Media Shops Face an Identity Crisis as Clients Move More Work In-house

Big reviews threaten long-term relationships

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The next round of big-budget media reviews has begun, and beneath it lies an existential threat to the established agency business model.

Last summer’s rumored wave is now a real-world tsunami encompassing billions in RFPs from brands like Marriott, Mars, McDonald’s, Microsoft, Mondelez and more. But clients have learned from past mistakes; this time they’re seeking partners, not just service providers. Adweek’s Media Agency of the Year lineup of MediaCom, MullenLowe Mediahub and 360i confirms that many agencies continue to perform—but networks unable to pivot away from a reliance on classic planning and buying work will eventually fall by the wayside as automation allows more clients to move operations in-house.

In some ways, this development was the expected product of both the ANA’s 2016 media transparency report and Procter & Gamble chief brand officer Marc Pritchard’s 2017 call to avoid wasting time and money on “a crappy media supply chain.”

“What [marketers] have realized is that media had been treated like a commodity by many businesses, as a cost to be managed rather than a strategic marketing discipline,” said ID Comms co-founder Tom Denford, whose consultancy is managing some of this year’s biggest reviews. “This change has been building for some time, and now it’s in full effect.”

“I’ve worked with clients that will spend millions on search alone, so rather than outsource it, they can bring in a powerful team. That’s what’s killing [the agencies].”
Ken Robinson, owner and partner at Ark Advisors

According to the longtime agency planner, CMOs have spent the past year-plus getting their own houses in order by expanding internal data capabilities and asserting a greater degree of control over their media budgets. And while past reviews were largely procurement-led, cost-driven affairs, Denford said clients’ demands have grown more specific as they bring elements of the planning and buying process in-house, adding, “It shifts the whole media model in favor of the marketer.”

“I’ve worked with clients that will spend millions on search alone, so rather than outsource it, they can bring in a powerful team,” added Ken Robinson, owner and partner at Ark Advisors. “That’s what’s killing [the agencies].”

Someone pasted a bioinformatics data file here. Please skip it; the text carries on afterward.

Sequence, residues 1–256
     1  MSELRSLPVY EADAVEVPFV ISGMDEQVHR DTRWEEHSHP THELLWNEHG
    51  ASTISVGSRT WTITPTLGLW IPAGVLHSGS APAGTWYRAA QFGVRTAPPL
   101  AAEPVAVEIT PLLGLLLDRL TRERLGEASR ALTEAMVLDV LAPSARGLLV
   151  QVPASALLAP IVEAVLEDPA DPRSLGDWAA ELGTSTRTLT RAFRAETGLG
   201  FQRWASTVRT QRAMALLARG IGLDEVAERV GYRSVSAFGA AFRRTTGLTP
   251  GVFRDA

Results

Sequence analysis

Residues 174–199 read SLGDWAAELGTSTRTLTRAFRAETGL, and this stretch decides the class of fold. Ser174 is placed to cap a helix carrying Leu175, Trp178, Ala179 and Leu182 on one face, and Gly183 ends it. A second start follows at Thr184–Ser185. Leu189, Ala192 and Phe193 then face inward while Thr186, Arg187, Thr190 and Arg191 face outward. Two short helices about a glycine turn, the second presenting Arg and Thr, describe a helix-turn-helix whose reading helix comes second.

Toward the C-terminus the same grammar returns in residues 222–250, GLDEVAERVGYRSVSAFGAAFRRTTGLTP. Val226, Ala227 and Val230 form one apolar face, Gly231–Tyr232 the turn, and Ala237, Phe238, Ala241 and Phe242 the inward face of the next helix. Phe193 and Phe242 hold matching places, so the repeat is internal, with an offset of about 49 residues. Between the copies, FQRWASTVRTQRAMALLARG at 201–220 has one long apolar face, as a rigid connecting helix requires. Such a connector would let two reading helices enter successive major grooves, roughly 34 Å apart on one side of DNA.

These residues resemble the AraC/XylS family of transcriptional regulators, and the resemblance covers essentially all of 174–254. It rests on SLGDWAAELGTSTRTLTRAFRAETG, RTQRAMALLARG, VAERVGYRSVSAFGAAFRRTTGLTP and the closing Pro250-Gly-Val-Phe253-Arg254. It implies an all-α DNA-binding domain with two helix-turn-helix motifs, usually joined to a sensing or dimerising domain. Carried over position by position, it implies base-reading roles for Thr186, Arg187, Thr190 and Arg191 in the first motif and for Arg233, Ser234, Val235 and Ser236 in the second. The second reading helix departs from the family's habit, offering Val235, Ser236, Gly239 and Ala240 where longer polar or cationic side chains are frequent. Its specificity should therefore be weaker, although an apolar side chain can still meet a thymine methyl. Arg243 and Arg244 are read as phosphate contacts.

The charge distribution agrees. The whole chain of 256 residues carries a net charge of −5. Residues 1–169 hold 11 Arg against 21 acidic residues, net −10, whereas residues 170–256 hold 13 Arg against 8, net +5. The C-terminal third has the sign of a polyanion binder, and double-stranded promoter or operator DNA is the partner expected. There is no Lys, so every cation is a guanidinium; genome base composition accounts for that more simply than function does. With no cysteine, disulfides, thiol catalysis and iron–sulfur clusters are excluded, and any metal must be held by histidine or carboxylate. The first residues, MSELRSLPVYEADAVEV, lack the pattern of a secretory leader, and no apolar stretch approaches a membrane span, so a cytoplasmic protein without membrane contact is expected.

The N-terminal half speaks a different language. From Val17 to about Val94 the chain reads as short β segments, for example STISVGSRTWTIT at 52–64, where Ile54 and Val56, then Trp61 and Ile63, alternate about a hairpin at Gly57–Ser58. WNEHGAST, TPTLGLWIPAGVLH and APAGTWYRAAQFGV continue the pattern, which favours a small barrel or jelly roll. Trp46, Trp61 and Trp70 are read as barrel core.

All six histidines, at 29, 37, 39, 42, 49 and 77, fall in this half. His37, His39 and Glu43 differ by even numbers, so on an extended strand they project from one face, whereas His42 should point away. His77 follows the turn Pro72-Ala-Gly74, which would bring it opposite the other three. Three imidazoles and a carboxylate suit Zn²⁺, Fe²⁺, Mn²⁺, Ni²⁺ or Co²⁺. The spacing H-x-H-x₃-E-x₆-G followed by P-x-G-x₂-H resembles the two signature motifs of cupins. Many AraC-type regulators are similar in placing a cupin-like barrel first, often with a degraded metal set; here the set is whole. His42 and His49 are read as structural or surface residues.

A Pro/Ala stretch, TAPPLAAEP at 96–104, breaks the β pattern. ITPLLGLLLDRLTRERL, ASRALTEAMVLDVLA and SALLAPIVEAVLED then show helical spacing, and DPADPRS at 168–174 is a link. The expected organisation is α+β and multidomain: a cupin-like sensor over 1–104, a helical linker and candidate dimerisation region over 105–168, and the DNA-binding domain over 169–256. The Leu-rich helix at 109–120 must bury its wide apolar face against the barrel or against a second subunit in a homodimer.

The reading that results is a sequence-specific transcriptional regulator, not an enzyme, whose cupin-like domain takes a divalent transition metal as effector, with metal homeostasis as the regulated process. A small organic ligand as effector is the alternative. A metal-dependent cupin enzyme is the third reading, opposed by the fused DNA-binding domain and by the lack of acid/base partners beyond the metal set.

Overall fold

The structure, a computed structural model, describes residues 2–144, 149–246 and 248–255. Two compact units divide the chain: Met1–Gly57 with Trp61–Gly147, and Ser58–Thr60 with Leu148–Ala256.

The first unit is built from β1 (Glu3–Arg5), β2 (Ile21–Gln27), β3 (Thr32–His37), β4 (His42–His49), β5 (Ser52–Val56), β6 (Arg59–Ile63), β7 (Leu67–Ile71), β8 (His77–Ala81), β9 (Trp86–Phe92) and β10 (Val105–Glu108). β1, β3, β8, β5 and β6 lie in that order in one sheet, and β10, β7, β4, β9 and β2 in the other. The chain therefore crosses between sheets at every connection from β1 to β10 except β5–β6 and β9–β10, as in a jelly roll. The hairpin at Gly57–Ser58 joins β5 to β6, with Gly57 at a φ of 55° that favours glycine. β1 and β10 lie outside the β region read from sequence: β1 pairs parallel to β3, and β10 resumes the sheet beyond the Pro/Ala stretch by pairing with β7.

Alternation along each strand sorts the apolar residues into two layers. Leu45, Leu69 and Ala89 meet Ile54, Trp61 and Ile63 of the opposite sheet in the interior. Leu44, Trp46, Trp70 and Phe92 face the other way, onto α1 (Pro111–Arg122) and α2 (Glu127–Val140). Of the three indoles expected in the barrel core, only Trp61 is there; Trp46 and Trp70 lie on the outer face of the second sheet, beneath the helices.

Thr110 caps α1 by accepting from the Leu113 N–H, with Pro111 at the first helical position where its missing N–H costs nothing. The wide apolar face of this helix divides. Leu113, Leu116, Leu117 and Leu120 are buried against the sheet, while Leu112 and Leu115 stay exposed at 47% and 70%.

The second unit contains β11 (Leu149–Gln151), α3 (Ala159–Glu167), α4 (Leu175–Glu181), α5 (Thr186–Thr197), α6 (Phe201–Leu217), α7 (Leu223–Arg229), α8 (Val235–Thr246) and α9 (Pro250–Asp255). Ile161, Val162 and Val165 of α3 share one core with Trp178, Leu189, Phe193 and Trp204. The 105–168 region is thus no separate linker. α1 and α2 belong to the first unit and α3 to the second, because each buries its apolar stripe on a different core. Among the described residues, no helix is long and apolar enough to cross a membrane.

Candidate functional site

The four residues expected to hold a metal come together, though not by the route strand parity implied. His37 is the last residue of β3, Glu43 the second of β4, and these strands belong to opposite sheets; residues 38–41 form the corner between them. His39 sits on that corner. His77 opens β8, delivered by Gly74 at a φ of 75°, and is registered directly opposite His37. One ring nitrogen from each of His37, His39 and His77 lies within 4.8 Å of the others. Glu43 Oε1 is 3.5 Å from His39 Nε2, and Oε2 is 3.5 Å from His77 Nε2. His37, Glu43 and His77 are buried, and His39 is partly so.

The widespread automation of ad sales has only accelerated this trend while diminishing the inherent advantage of giants like P&G, whose omnipresence once led to both greater buying power and more leverage on media pricing. In short, marketers’ ability to collect and manage their own customers’ data will soon become their most powerful differentiator, and Denford believes the smart media shops must in turn begin to separate planning and buying from the rest of their business, assuming a more consultative role based on the value they add rather than the sausage they make.


Robinson agreed: “As media companies become more reliant on data and technology, they become in some ways technology consultants.”

On that note, today’s standard briefs emphasize quality over cost-cutting as clients come to the table with more knowledge of their own needs.

“The first question they always ask is, ‘What’s the right model for us?’ I don’t think it’s about price anymore,” said Melissa Lea, managing director of international consultancy R3.

That’s often bad news for incumbent agencies. “Lots of those [accounts] in play right now were long-standing relationships [that got] to the point where the only thing they could do was run a review,” Lea added. “They’d been getting promises but not receiving the changes they needed.”

Since many reviews will lead to multiyear contracts, they could also play a critical role in reshaping the global media agency hierarchy, according to Denford.

“Agencies will have to prove the value they add, and those that get it right will be highly successful; others will struggle."
Tom Denford, ID Comms co-founder

Many media networks will have no choice but to contract while rebranding themselves and their services because consulting services deliver lower profit margins than ad sales. For example, last year, WPP combined MEC and Maxus to form Wavemaker and Publicis launched Spark Foundry from the ashes of Mediavest.

“Agencies will have to prove the value they add, and those that get it right will be highly successful; others will struggle,” Denford said. Robinson takes a more cynical perspective, arguing that “if you take the branding off three agency presentations, I don’t think you would be able to tell them apart.”

Meanwhile, Denford said clients will continue establishing a greater degree of oversight over the next year, as “10 to 20 major advertisers [will] take control of their media,” he said. “They will set the blueprint for the future operating model.”

This story first appeared in the Feb. 19, 2018, issue of Adweek magazine. Click here to subscribe.

@PatrickCoffee patrick.coffee@adweek.com Patrick Coffee is a senior editor for Adweek.
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